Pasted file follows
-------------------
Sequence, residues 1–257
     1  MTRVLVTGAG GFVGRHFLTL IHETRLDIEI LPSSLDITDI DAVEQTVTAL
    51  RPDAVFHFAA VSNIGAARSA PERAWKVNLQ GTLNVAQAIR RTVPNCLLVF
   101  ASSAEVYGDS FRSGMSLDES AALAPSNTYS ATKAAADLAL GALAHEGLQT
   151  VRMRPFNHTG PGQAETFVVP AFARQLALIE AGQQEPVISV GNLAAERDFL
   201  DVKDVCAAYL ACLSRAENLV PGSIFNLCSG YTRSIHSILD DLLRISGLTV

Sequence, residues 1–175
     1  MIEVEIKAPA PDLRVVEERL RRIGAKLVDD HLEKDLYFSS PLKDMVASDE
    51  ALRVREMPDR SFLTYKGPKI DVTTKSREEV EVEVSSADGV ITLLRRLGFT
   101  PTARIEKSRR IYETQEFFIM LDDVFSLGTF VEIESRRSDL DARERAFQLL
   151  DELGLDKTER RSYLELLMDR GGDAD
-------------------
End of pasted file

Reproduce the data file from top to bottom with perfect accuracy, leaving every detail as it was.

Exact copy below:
Sequence, residues 1–257
     1  MTRVLVTGAG GFVGRHFLTL IHETRLDIEI LPSSLDITDI DAVEQTVTAL
    51  RPDAVFHFAA VSNIGAARSA PERAWKVNLQ GTLNVAQAIR RTVPNCLLVF
   101  ASSAEVYGDS FRSGMSLDES AALAPSNTYS ATKAAADLAL GALAHEGLQT
   151  VRMRPFNHTG PGQAETFVVP AFARQLALIE AGQQEPVISV GNLAAERDFL
   201  DVKDVCAAYL ACLSRAENLV PGSIFNLCSG YTRSIHSILD DLLRISGLTV

Sequence, residues 1–175
     1  MIEVEIKAPA PDLRVVEERL RRIGAKLVDD HLEKDLYFSS PLKDMVASDE
    51  ALRVREMPDR SFLTYKGPKI DVTTKSREEV EVEVSSADGV ITLLRRLGFT
   101  PTARIEKSRR IYETQEFFIM LDDVFSLGTF VEIESRRSDL DARERAFQLL
   151  DELGLDKTER RSYLELLMDR GGDAD